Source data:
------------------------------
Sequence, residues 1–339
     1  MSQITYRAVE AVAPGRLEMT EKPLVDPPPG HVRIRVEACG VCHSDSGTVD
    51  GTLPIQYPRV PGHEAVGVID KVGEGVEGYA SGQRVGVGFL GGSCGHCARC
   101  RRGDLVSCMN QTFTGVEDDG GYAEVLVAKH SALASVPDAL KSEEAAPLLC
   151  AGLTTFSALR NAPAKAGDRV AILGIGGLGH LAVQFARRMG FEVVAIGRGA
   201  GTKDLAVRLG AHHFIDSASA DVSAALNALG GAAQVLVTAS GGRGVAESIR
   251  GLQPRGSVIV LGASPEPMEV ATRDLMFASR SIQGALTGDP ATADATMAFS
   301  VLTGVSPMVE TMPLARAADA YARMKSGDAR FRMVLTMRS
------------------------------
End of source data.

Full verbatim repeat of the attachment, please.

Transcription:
Sequence, residues 1–339
     1  MSQITYRAVE AVAPGRLEMT EKPLVDPPPG HVRIRVEACG VCHSDSGTVD
    51  GTLPIQYPRV PGHEAVGVID KVGEGVEGYA SGQRVGVGFL GGSCGHCARC
   101  RRGDLVSCMN QTFTGVEDDG GYAEVLVAKH SALASVPDAL KSEEAAPLLC
   151  AGLTTFSALR NAPAKAGDRV AILGIGGLGH LAVQFARRMG FEVVAIGRGA
   201  GTKDLAVRLG AHHFIDSASA DVSAALNALG GAAQVLVTAS GGRGVAESIR
   251  GLQPRGSVIV LGASPEPMEV ATRDLMFASR SIQGALTGDP ATADATMAFS
   301  VLTGVSPMVE TMPLARAADA YARMKSGDAR FRMVLTMRS